Pathophysiology and Treatment of Sepsis Flashcards Preview

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Flashcards in Pathophysiology and Treatment of Sepsis Deck (42)
1

What are the Sepsis Six?

A list of guidelines set out in case of a sepsis emergency:

• Administer high flow oxygen
• Take blood cultures
• Give broad spectrum antibiotics
• Give intravenous fluid challenges
• Measure serum lactate and haemoglobin
• Measure accurate hourly urine output

BUFALO

2

What does septicaemia mean?

Presence of pathogen in the blood

3

What does SIRS stand for?

Systemic Inflammatory Response Syndrome

4

Define sepsis.

Suspected or proven infection plus systemic inflammatory response (e.g. fever, tachycardia, tachypnea,􏰃WBC, altered mental state, hyperglycaemia in absence of diabetes)

5

What is severe sepsis?

Sepsis plus organ dysfunction (e.g. hypotension, hypoxaemia, oliguria, metabolic acidosis, thrombocytopoenia or obtundation (decreased sensitivity)

6

What is septic shock?

Severe sepsis plus hypotension, despite fluid resuscitation

7

SIRS is defined by the presence of two or more factors. List the 5 factors that make up the potentials.

• Respiratory rate >20/min
• Heart rate >90/min
• WBC>12x109/Lor<4x109/L
• Temperature >38oC or <36oC
• PaCO2 <4.3 kPa or ventilated

8

What physiological changes do SIRS produce?

Widespread endothelial damage with vasodilation
Arterio-venous shunting
Microvascular occlusion
Capillary leak
Tissue oedema

9

What two conditions are indicators of severe infection?

Hypothermia
Septic neutropenia (low neutrophil blood count)

10

What are some of the clinical presentations (i.e. signs and symptoms) of SIRS?

Warm peripheries
Bounding pulses and features of high cardiac output
Peripheral vasodilation leading to 􏰄diastolic BP
Decreased afterload, therefore stroke volume and systolic BP is maintained
Large difference between DBP and SBP e.g. 115/42mmHg

11

What clinical presentations can arise as sepsis develops and advances?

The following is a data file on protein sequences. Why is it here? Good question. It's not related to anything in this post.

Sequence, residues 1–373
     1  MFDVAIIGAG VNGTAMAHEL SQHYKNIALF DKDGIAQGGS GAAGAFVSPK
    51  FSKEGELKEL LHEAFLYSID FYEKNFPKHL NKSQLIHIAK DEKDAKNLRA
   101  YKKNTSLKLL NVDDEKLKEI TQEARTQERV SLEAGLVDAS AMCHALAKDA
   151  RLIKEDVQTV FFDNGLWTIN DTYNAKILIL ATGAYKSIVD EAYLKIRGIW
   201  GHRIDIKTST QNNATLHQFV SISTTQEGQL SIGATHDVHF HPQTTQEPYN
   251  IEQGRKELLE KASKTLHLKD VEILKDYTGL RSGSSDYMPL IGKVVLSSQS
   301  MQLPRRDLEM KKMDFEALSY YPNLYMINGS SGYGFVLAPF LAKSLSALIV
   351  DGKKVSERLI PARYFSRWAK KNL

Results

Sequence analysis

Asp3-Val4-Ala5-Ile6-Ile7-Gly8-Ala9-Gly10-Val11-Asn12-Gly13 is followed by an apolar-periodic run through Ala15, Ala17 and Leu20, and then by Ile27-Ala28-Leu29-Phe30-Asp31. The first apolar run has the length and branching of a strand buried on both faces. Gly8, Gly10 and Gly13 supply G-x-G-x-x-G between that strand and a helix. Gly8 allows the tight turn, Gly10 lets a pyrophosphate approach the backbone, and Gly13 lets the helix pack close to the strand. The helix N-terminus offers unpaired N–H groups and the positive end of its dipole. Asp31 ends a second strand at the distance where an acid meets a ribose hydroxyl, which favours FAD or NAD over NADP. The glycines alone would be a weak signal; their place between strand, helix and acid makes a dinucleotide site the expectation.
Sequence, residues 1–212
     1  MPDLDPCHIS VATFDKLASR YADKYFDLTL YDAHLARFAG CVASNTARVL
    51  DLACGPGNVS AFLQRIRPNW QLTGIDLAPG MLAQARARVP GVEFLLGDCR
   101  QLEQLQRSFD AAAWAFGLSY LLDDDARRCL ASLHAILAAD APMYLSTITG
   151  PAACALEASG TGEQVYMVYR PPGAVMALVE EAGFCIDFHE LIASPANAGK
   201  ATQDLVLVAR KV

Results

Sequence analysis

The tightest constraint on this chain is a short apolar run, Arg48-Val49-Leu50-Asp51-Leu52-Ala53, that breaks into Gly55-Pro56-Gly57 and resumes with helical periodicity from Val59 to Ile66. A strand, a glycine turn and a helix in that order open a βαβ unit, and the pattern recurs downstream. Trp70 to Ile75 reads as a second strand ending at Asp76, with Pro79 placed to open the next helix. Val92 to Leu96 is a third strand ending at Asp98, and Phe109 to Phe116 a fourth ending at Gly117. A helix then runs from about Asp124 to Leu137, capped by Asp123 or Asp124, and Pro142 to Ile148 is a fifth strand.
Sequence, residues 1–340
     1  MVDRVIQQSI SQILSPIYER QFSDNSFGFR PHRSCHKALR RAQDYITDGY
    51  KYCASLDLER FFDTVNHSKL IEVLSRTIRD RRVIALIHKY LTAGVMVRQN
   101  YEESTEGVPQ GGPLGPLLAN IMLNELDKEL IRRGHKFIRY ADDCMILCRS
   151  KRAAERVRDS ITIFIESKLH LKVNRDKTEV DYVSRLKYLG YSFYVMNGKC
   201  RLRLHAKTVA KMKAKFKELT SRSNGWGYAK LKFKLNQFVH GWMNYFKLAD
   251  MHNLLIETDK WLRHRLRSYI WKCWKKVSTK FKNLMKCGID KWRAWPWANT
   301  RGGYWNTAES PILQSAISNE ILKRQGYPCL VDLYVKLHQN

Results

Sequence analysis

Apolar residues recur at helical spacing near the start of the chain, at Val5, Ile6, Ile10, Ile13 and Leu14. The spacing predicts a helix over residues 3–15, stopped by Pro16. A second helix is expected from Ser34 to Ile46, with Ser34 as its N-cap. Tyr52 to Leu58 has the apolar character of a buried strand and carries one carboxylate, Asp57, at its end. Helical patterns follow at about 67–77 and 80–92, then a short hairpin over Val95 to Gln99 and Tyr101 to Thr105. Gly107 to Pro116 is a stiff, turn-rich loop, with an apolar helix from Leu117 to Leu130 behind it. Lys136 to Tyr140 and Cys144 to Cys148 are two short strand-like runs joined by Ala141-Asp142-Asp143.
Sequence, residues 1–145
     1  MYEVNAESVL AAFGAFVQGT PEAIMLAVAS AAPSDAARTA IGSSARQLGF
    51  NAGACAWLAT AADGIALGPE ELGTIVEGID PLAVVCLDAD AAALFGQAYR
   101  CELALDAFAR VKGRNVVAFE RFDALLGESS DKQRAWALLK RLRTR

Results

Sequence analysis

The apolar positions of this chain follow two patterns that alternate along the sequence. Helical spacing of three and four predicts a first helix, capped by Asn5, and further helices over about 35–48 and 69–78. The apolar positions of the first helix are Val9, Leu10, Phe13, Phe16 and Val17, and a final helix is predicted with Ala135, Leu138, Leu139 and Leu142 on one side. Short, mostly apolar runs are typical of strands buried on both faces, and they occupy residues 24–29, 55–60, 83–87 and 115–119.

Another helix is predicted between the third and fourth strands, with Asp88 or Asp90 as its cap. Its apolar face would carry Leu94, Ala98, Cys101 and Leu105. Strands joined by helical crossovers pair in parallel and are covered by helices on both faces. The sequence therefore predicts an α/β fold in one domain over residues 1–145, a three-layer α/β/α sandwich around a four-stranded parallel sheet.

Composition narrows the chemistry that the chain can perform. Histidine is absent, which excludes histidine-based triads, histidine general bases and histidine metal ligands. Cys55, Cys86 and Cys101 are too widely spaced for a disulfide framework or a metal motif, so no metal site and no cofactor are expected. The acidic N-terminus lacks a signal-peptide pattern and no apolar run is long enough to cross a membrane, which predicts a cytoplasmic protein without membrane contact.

Systolic BP decreases and the peripheries become cool due to hypovolaemia associated with capillary leak

12

List some of the risk factors associated with sepsis.

Immunosuppression
Asplenic patients
Diabetics
Pregnancy
Cancer patients
Prosthetic devices
Mechanical ventilation
Severe wounds / burns
Post-surgery
Extremes of age

13

Sepsis has a very wide range of causes; to list a few:

– RT infections
– UT infections
– Meningitis
– GI infections
– Pelvic and GU infections
– Line infections
– Skin and soft tissue infections

14

What type of bacilli are most likely to cause sepsis?

Gram negative cocci

15

What are some examples of host barrier integrity breach?

Skin
Mucous membranes
Catheters
Wounds
Burns
Thorn pricks
Insect bites
Epithelial cell damage

16

What are some of the factors that can affect signs and symptoms of sepsis?

• Virulence of pathogen
• Bioburden
• Portal of entry
• Host susceptibility
• Temporal evolution (when the signs/symptoms manifest themselves)

17

What does the AVPU Scale assess?

Alert
Voice
Pain
Unresponsiveness

18

What are care bundles and what is their function?

Structured way of improving processes of care
Straightforward set of practices
When performed collectively, reliably and continuously, improve patient outcomes

19

Give 5 examples of care bundles.

– Infection control
– Peripheral vascular catheters (PVCs)
– Stroke
– Ventilator-associated pneumonia (VAP) reduction